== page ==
With that, 160 years of Methodist activity at Crystal Springs ended. At the time of its closing in 2019, Crystal Springs was the oldest religious camp in Michigan and the second oldest Methodist camp in the United States. The hope of Michigan Area United Methodist Camping is that the sale of Crystal Springs and other properties will provide new adventures and enhanced faith formation for campers visiting facilities at Lake Huron Retreat Center, Lake Michigan Camp & Retreat, and Wesley Woods Camp & Retreat. Learn more at www.umcamping.org.
Crystal Springs Camp will remain alive in the hearts and minds of all who invested a piece of themselves beneath those trees and near the bubbling water. People like the Rev. Chris Momany, who offered recollections before entering the Chapel. “I am here for a lot of reasons. I am from Benton Harbor, so this was our camp when I was an elementary-age person.” He went on, “When I was in seminary, working at Peace Temple United Methodist Church, I counseled here several times. I even helped take up the old wooden floor in the tabernacle. I was just a guy with a shovel, moving mud when they were pouring cement.” Momany concluded, “Yes, I’ve got a lot of history here. And now I’m the pastor in Dowagiac. For me, today is a lot of full-circle kind of stuff.”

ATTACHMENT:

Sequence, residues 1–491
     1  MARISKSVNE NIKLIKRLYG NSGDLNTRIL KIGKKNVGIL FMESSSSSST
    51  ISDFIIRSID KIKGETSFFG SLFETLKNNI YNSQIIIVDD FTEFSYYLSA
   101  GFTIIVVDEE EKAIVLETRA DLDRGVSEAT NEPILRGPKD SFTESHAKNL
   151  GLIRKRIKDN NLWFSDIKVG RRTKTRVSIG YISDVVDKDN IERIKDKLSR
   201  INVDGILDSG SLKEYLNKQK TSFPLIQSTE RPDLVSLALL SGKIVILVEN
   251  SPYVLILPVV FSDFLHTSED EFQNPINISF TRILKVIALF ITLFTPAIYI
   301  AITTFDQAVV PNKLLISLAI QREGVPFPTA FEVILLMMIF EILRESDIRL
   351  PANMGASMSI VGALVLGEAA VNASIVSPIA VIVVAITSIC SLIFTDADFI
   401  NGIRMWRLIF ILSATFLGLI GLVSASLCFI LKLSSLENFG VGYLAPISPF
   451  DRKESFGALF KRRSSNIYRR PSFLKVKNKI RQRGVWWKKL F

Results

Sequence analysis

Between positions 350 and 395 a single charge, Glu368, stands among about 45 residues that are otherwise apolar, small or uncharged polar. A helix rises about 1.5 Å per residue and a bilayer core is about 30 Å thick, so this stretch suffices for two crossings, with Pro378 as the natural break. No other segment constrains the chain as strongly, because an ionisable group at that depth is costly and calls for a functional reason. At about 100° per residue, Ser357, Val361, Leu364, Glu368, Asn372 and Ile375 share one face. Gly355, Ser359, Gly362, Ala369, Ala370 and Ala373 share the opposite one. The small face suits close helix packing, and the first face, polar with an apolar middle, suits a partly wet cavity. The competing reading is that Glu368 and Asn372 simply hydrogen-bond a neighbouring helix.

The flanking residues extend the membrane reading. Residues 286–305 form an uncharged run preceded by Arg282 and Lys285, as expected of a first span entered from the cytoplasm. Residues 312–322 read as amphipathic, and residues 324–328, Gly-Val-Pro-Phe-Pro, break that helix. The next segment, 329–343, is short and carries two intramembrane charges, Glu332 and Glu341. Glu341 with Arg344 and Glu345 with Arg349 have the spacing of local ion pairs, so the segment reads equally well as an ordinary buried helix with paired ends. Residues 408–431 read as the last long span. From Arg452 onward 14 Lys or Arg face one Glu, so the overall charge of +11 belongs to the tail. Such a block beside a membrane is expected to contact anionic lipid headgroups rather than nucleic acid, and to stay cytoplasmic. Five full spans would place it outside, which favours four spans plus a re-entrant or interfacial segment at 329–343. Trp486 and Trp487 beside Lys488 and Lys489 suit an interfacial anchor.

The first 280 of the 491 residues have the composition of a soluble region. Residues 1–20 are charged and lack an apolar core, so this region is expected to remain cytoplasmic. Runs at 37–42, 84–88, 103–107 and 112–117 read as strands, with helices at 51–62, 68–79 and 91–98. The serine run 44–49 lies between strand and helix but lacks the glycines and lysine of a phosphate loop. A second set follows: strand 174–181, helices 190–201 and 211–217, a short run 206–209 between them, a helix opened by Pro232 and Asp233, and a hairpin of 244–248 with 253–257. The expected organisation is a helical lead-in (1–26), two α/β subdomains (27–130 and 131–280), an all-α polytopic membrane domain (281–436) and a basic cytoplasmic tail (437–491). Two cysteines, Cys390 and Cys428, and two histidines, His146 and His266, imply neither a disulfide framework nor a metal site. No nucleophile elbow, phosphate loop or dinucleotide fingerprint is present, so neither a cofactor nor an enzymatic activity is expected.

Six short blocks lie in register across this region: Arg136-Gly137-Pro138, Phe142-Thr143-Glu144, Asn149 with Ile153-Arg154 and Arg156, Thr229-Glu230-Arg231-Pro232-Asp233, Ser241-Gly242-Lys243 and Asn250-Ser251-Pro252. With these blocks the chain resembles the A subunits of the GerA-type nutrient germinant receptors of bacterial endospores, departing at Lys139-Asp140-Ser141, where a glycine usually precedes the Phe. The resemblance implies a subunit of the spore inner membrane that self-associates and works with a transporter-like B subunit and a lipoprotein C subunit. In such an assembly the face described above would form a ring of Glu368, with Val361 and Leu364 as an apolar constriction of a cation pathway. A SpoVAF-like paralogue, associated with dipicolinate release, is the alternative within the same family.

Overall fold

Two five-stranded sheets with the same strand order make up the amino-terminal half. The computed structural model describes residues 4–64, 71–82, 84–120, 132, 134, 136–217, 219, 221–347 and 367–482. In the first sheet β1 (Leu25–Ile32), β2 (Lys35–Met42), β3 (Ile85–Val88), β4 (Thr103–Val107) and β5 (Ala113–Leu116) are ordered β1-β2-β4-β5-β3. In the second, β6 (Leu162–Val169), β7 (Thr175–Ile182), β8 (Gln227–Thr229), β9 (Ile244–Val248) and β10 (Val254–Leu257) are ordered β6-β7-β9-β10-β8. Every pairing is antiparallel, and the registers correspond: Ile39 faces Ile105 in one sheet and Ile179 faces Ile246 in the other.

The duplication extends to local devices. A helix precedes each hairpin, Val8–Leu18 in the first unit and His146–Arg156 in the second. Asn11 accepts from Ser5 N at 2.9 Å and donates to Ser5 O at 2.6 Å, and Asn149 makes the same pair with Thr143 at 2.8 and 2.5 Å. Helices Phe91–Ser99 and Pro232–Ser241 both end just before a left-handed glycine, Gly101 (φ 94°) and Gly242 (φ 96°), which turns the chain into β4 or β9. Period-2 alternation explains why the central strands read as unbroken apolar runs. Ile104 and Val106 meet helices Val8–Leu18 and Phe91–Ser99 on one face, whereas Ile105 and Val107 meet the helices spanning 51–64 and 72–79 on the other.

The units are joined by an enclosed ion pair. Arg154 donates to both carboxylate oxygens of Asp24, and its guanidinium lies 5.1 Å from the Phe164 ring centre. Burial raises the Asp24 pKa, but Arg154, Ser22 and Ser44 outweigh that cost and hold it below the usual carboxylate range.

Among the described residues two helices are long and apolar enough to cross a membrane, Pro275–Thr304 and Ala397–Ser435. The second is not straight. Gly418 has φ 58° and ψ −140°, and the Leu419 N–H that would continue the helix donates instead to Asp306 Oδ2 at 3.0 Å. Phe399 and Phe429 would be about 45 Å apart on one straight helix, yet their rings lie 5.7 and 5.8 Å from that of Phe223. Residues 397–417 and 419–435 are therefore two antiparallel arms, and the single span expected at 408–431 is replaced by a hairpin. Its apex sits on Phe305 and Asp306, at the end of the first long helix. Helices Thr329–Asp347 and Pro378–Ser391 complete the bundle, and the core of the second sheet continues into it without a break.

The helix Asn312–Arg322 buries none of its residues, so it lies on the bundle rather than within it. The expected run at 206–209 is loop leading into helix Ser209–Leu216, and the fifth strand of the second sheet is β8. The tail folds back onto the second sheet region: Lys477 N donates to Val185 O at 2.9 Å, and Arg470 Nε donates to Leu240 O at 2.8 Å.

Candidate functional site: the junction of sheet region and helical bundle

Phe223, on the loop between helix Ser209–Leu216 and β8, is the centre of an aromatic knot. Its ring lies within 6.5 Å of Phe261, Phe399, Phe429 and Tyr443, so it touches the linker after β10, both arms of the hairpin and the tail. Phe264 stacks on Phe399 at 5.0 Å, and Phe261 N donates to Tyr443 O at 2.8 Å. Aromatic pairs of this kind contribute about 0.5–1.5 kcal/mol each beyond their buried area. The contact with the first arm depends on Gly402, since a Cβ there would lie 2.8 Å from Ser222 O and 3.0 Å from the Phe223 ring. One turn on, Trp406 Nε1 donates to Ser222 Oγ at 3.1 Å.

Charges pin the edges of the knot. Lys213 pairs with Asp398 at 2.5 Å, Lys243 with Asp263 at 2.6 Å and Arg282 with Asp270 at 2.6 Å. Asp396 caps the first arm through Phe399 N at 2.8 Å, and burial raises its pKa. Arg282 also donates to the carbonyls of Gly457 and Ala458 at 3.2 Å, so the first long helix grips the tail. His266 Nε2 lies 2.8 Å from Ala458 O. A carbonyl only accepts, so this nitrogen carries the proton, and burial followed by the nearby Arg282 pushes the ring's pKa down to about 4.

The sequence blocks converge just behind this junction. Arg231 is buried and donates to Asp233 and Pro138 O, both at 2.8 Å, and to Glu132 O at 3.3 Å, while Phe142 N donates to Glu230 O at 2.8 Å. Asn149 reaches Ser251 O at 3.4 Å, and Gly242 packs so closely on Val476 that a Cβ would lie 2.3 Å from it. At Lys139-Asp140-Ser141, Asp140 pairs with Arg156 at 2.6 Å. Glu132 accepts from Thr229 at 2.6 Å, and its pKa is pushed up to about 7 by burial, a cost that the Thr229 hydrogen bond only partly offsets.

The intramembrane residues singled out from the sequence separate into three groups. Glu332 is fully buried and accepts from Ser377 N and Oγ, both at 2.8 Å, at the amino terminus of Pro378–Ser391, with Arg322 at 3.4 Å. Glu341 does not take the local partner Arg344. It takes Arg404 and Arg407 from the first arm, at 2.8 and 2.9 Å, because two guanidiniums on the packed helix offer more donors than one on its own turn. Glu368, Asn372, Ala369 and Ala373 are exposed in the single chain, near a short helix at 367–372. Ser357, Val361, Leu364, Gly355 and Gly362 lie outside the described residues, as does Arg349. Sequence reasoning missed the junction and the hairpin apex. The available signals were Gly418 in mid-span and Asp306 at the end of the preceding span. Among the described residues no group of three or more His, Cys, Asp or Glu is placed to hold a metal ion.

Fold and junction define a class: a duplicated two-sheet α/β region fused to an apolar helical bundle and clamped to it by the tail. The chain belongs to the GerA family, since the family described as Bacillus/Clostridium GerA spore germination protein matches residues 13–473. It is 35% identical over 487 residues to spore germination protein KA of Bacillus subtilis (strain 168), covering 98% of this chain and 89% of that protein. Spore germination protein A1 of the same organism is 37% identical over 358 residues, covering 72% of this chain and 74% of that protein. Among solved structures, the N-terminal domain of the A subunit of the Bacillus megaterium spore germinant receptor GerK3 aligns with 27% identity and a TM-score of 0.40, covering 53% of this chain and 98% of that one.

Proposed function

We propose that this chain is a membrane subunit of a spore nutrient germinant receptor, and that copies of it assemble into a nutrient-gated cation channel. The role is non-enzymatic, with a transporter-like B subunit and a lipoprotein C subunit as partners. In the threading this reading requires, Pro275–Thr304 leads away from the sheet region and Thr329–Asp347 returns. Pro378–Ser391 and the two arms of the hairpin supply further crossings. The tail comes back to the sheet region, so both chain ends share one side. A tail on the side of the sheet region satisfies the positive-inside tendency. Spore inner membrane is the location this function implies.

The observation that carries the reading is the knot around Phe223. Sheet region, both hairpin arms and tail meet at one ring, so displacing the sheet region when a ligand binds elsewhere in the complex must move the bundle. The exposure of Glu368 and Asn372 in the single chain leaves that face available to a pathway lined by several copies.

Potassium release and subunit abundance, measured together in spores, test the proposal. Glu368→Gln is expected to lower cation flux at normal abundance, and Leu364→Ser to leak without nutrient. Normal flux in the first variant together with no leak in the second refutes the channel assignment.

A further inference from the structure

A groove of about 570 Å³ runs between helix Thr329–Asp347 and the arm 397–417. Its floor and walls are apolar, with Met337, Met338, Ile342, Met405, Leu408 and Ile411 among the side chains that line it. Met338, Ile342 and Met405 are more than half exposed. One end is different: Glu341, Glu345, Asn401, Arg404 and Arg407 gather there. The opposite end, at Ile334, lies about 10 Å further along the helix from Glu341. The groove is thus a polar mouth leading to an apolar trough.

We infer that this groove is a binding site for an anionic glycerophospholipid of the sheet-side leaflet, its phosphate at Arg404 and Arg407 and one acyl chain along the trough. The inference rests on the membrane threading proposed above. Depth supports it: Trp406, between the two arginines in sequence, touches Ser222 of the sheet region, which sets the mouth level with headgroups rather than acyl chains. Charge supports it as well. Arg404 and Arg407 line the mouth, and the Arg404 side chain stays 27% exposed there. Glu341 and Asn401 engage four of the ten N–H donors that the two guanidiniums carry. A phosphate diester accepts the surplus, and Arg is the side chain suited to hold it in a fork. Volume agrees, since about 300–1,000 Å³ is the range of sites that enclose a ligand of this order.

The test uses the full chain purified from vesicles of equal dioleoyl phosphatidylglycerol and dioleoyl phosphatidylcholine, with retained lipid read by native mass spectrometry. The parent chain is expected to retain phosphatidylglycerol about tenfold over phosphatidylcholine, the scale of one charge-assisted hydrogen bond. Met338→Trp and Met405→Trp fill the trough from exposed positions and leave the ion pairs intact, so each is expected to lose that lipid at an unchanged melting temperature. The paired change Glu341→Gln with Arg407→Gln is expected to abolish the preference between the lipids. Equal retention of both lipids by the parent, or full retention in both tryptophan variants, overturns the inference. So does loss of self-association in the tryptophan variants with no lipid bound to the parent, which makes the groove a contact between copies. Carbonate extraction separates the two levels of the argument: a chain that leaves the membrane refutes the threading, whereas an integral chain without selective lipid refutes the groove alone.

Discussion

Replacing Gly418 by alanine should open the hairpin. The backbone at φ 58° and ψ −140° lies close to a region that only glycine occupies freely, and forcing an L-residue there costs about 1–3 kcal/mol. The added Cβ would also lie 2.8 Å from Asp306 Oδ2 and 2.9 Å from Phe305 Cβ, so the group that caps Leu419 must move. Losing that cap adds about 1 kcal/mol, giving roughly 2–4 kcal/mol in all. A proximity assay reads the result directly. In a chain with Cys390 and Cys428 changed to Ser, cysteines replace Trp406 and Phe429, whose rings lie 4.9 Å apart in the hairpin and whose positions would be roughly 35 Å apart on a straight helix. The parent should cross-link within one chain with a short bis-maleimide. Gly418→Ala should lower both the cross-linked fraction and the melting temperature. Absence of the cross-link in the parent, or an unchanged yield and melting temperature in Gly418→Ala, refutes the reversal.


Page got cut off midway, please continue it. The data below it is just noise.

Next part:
From the website of the Pokagon Band of Potawatomi …
In 1836 … Leopold Pokagon returned to southwest Michigan. Leopold purchased land in Silver Creek township using annuity monies accrued through several treaty negotiations, including the Treaty of 1833. It was at this time that Pokagon and several other groups moved collectively to Silver Creek Township, near present-day Dowagiac, Michigan.
As the descendants of Leopold Pokagon make future plans for the place known as Crystal Springs, we’ve come full circle indeed.